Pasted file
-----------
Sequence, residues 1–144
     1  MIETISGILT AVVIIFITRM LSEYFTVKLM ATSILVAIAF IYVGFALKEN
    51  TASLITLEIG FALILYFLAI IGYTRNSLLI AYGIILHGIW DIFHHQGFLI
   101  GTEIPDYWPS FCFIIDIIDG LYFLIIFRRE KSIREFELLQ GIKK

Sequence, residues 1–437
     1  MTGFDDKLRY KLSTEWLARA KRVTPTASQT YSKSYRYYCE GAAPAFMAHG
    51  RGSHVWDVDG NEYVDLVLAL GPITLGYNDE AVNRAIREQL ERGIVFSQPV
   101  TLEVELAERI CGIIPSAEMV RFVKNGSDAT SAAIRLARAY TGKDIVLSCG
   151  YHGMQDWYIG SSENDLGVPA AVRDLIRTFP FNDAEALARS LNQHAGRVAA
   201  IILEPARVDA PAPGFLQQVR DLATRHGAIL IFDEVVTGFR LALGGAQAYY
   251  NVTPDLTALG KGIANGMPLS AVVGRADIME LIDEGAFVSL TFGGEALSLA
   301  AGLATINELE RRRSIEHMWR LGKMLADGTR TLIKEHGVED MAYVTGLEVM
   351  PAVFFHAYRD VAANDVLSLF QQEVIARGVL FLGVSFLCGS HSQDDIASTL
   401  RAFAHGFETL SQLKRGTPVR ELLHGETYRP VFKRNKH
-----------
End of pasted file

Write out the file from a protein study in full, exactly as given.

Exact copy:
Sequence, residues 1–144
     1  MIETISGILT AVVIIFITRM LSEYFTVKLM ATSILVAIAF IYVGFALKEN
    51  TASLITLEIG FALILYFLAI IGYTRNSLLI AYGIILHGIW DIFHHQGFLI
   101  GTEIPDYWPS FCFIIDIIDG LYFLIIFRRE KSIREFELLQ GIKK

Sequence, residues 1–437
     1  MTGFDDKLRY KLSTEWLARA KRVTPTASQT YSKSYRYYCE GAAPAFMAHG
    51  RGSHVWDVDG NEYVDLVLAL GPITLGYNDE AVNRAIREQL ERGIVFSQPV
   101  TLEVELAERI CGIIPSAEMV RFVKNGSDAT SAAIRLARAY TGKDIVLSCG
   151  YHGMQDWYIG SSENDLGVPA AVRDLIRTFP FNDAEALARS LNQHAGRVAA
   201  IILEPARVDA PAPGFLQQVR DLATRHGAIL IFDEVVTGFR LALGGAQAYY
   251  NVTPDLTALG KGIANGMPLS AVVGRADIME LIDEGAFVSL TFGGEALSLA
   301  AGLATINELE RRRSIEHMWR LGKMLADGTR TLIKEHGVED MAYVTGLEVM
   351  PAVFFHAYRD VAANDVLSLF QQEVIARGVL FLGVSFLCGS HSQDDIASTL
   401  RAFAHGFETL SQLKRGTPVR ELLHGETYRP VFKRNKH